• Men’s pants, as a case in point have looked basically the same for centuries in the United States and in most countries – even if detail changes such as shifts from suspenders to belts for holding them up have taken place – as has the introduction of style differences such as cargo pockets for some designs. But aside from that and the fact that the founding fathers of the United States lived before the zipper was invented, pants that they wore were not all that different from pants worn today, and certainly dress pants that men wear today, as of this writing. And their grandfathers wore essentially similar pants too, for the most part.
• Women’s fashions change a great deal more than do those that men routinely wear. But even so, the basic inventory of types of apparel items worn by women has remained basically settled and for a long time now, too.
• And the flow of seasons has not fundamentally changed, with hotter summer weather and colder winter weather and in-between spring and autumn weather, and certainly in temperate and northerly climates. And clothing styles and types change seasonally to meet those predictably changing needs. In essence, what I am writing here is that the human body has not changed all that much as to form or function over the last many centuries, and neither have the basic types of weather that we wear clothing to protect ourselves from, so clothing that would go on us that had already been fairly optimized to meet need generations ago, has in many respects remained fairly constant at least at that level.
• So I wrote in Part 1 of the basic underlying stability that clothing manufacturers face, as they plan for and produce, market and sell seasonally appropriate items of apparel and with a range of styles and fashions, and with an ongoing flow of cosmetic changes that the market will like – as clothing design goes beyond simply addressing functional need while still (in general) seeking to address that too.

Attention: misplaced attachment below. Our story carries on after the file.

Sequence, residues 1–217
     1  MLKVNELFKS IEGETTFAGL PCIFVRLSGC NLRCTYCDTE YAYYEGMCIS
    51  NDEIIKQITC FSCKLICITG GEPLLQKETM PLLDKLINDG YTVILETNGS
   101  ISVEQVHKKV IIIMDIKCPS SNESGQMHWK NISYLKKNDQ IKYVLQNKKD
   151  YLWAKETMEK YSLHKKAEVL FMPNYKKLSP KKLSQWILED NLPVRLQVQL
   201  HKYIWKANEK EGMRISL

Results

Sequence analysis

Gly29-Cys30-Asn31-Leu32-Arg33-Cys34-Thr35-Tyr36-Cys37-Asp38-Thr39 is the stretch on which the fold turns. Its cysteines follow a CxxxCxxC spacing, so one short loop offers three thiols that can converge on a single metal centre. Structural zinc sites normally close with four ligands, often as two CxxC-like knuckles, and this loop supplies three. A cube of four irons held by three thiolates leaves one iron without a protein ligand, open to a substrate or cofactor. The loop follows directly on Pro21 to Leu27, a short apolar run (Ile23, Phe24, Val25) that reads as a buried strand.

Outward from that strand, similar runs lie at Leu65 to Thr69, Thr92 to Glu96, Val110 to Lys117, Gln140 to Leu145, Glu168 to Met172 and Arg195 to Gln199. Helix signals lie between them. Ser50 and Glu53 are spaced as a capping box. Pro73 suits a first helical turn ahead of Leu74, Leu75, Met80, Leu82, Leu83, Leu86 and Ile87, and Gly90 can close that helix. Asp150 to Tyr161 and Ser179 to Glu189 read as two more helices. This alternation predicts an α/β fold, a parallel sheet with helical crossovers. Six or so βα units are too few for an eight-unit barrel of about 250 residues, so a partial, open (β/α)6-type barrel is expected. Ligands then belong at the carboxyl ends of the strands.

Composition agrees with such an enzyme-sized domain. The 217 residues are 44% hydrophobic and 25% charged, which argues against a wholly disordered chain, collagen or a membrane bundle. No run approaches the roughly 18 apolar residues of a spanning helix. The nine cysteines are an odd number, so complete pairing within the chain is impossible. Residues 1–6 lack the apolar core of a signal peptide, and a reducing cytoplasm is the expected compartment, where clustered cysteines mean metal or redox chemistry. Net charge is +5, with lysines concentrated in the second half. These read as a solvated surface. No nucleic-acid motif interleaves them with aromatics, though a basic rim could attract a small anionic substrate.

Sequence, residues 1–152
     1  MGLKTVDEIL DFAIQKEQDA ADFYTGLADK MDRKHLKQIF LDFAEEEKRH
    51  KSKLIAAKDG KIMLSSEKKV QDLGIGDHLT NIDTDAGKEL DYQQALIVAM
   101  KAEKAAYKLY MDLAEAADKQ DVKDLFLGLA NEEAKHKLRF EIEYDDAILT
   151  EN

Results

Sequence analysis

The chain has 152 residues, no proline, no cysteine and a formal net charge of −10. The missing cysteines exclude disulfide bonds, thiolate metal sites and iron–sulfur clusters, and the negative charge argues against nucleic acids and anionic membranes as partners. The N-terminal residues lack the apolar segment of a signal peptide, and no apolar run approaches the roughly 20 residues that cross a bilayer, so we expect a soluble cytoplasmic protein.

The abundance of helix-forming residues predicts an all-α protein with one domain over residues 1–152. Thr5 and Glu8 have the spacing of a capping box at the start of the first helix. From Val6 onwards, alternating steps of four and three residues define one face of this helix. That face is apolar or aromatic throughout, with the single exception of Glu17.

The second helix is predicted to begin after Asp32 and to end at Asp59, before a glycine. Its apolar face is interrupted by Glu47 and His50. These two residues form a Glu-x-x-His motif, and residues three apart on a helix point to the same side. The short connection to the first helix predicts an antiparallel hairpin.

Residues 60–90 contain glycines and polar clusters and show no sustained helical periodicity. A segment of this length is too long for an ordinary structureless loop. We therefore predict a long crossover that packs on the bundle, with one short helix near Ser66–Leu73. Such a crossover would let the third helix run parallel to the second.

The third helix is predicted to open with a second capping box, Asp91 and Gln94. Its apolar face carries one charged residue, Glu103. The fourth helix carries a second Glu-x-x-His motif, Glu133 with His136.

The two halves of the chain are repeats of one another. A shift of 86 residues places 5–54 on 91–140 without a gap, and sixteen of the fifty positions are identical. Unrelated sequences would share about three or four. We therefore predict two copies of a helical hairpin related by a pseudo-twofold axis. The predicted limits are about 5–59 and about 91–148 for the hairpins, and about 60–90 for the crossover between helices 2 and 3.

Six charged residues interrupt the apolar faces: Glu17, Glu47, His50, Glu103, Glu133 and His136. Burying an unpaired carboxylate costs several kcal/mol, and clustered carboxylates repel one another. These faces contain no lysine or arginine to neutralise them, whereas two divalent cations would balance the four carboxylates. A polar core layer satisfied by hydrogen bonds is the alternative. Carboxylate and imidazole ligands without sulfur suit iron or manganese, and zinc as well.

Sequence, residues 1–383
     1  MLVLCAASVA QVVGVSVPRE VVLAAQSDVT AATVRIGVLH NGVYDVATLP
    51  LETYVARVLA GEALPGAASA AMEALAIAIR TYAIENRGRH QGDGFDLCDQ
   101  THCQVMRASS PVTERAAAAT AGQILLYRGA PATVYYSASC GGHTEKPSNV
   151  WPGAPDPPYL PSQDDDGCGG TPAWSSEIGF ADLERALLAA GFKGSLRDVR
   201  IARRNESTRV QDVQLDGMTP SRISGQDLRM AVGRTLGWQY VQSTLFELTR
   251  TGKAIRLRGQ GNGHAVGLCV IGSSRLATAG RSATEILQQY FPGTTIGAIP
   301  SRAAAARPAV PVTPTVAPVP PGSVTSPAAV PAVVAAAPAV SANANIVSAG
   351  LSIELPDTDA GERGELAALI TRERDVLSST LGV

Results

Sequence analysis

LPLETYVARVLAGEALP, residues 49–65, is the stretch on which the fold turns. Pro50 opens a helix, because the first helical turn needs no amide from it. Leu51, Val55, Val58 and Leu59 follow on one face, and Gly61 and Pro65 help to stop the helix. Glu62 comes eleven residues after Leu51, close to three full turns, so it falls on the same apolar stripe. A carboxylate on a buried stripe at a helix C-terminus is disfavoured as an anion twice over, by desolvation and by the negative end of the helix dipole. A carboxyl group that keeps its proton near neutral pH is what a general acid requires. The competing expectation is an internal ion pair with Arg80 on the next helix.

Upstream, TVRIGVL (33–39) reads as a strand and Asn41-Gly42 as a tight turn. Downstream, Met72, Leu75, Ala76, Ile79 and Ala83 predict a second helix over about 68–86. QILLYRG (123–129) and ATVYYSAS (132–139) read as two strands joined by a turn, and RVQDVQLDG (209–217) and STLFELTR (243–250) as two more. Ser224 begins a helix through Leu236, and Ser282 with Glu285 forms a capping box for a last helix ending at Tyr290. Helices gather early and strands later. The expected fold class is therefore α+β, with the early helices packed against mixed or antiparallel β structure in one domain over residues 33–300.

Now let me question and even fundamentally challenge some of the basic assumptions that I just built into that bullet pointed line of discussion.

• I briefly noted buttons and zippers in the immediately preceding points and I add hook closures and Velcro here too as yet other closure options. I also briefly noted the progressive introduction of new fabrics in my above-stated narrative. Every new innovation that is introduced into a product or product line, carries with it matching need for manufacturing innovation and adaptation as new approaches and new equipment and new skills are needed to use it.
• To take that out of the abstract, it takes different equipment and skills to add zippers to clothing, and in large volume and at high speed, than it does to shape and position button holes and add buttons, so they line up correctly on the finished product while it is being worn.
• And this brings me to a fundamental dichotomy that strikes to the core of what I am addressing in this short series of postings. And I begin addressing it from a consumer and marketplace perspective and with a very specific case in point example: zippers and how they have changed since first introduced.
• Consumers might see a change in their clothing, such as the shift from metal zippers to plastic ones as representing so small a change (for them) as to barely reach a minor cosmetic change level of significance – at least if both work and reliably so, and both meet their needs. And this perspective is important as it is the consumer and their purchasing decisions and actions that generate the incoming revenue for businesses that determines their success. So when clothing manufacturers made the switch from metal to plastic there, this was not much of a change from the consumer perspective – at least, to repeat a key detail here, when they both worked correctly and did not jam or break too quickly.